|Publication number||US6736926 B2|
|Application number||US 09/973,854|
|Publication date||May 18, 2004|
|Filing date||Oct 9, 2001|
|Priority date||Oct 9, 2001|
|Also published as||US6911111, US8557132, US20030066548, US20040206374, US20040206454|
|Publication number||09973854, 973854, US 6736926 B2, US 6736926B2, US-B2-6736926, US6736926 B2, US6736926B2|
|Inventors||Dinesh Chopra, Scott Meikle|
|Original Assignee||Micron Technology, Inc.|
|Export Citation||BiBTeX, EndNote, RefMan|
|Patent Citations (2), Non-Patent Citations (7), Referenced by (15), Classifications (11), Legal Events (6)|
|External Links: USPTO, USPTO Assignment, Espacenet|
1. Field of the Invention
The present invention relates to semiconductor processing technology and, in particular, concerns a method of cleaning and monitoring pads used in planarizing of the surfaces of a wafer using chemical mechanical polishing.
2. Description of the Related Art
Chemical mechanical polishing or planarization (CMP) is a technique whereby surfaces, such as semiconductor substrates, are planarized by the simultaneous application of both etching and polishing processes. CMP is typically used to globally planarize surfaces such as the upper surface of a semiconductor wafer. The wafer is typically positioned within a carriage and is rotated with respect to a polishing pad. In one approach, a slurry containing abrasive particles and an etchant is interposed between the polishing pad and the surface of the semiconductor wafer that is to be planarized. The polishing pad is then brought into contact with the surface of the wafer that is to be planarized and the combination of the mechanical polishing and the etchant results in the exposed surfaces of the wafer being removed by the CMP process.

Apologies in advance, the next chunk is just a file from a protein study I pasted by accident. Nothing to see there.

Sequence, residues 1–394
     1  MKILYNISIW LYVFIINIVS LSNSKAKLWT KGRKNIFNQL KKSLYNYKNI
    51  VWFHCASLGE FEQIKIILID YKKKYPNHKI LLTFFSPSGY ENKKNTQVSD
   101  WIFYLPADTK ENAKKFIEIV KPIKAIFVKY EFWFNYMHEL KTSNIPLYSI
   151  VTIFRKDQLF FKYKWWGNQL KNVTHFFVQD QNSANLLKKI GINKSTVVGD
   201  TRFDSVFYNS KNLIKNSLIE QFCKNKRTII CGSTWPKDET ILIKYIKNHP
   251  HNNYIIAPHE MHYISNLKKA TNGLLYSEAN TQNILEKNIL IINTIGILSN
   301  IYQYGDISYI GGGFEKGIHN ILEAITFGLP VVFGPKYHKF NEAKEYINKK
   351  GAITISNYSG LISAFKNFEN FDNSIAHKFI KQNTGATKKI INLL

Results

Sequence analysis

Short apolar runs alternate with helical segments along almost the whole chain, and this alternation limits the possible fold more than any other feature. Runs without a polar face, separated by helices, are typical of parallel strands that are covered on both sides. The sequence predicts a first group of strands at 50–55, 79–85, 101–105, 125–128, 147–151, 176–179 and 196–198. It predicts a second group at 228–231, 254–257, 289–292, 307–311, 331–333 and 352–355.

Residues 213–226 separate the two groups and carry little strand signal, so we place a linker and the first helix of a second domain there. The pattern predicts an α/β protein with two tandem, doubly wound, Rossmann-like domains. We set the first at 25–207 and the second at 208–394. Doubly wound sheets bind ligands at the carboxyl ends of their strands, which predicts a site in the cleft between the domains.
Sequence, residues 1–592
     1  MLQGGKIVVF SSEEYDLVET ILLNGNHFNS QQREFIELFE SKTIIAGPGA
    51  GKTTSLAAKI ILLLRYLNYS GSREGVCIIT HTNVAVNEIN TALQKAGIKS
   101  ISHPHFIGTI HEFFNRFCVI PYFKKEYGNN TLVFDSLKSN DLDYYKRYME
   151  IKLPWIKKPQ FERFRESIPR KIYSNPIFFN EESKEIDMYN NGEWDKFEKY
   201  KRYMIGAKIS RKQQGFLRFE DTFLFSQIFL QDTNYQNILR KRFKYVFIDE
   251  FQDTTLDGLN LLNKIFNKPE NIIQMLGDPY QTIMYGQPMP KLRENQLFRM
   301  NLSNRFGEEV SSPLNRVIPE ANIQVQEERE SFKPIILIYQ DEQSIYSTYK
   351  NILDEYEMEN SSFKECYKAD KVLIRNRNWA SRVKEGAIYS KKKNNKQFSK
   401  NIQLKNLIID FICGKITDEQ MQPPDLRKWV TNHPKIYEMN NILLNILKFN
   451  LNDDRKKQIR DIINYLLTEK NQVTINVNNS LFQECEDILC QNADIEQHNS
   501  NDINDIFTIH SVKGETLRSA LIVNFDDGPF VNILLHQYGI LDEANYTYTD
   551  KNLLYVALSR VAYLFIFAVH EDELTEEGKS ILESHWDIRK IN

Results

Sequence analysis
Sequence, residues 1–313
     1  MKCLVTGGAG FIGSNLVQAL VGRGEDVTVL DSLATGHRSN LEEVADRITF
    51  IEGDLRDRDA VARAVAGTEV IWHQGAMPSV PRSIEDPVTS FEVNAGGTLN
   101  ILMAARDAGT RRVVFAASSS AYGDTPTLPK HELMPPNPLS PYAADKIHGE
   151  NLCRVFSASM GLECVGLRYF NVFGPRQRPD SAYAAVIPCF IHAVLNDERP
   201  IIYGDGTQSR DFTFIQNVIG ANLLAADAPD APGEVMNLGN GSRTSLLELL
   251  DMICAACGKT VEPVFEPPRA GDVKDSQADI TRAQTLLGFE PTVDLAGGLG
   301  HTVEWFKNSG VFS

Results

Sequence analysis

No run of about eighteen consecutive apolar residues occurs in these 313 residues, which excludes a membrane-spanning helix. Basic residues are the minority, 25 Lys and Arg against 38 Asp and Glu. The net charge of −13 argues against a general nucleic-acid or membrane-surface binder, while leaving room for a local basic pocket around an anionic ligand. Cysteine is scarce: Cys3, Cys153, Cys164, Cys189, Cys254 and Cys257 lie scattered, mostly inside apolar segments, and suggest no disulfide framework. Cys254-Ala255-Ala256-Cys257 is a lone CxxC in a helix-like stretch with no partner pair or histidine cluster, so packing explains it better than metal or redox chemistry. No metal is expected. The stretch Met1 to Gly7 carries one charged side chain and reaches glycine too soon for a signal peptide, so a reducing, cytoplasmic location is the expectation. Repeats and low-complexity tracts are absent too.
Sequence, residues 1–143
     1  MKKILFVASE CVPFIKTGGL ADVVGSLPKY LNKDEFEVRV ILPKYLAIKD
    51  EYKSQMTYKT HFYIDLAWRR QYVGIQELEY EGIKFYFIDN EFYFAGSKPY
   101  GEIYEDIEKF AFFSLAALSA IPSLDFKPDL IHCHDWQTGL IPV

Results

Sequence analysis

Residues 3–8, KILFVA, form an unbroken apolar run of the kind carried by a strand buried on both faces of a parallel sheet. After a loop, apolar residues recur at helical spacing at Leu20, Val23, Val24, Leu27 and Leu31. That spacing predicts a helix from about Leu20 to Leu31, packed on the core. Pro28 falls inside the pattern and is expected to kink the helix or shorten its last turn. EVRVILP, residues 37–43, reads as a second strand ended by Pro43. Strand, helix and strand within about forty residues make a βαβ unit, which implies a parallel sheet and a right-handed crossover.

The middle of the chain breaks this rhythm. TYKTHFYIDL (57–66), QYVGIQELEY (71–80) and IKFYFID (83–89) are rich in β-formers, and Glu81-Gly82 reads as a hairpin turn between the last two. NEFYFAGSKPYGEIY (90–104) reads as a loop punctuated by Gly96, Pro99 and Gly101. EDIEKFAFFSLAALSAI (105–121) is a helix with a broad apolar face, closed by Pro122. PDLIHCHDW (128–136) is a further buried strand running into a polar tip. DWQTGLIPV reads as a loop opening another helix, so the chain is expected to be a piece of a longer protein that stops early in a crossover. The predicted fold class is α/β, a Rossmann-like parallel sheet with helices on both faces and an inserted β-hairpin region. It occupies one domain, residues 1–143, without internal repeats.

One specific technique of CMP, known as copper CMP (CuCMP), is used to remove copper (Cu) from the wafer surface. CuCMP is presently used extensively in conjunction with a copper application technique known as copper Damascene process. One method of laying metal lines and interconnects in the integrated circuits is to form a layer of metal on the wafer and chemically etch away the metal. Copper is the metal of choice over other metals such as aluminum and tungsten, due to its desirable electrical properties. Copper, however, is difficult to use in the etching technique due to its high susceptibility to corrosion during the process. Corrosion leads to unpredictable electrical properties of the resulting copper interconnects, thus making copper essentially unusable for such an application. The copper Damascene process overcomes the corrosion problem by depositing copper directly into the groove patterns of interconnects already formed within the dielectric layer of the wafer. Since the copper is not etched away chemically, copper corrosion is no longer a problem. The excess copper from the Damascene process is removed by CuCMP.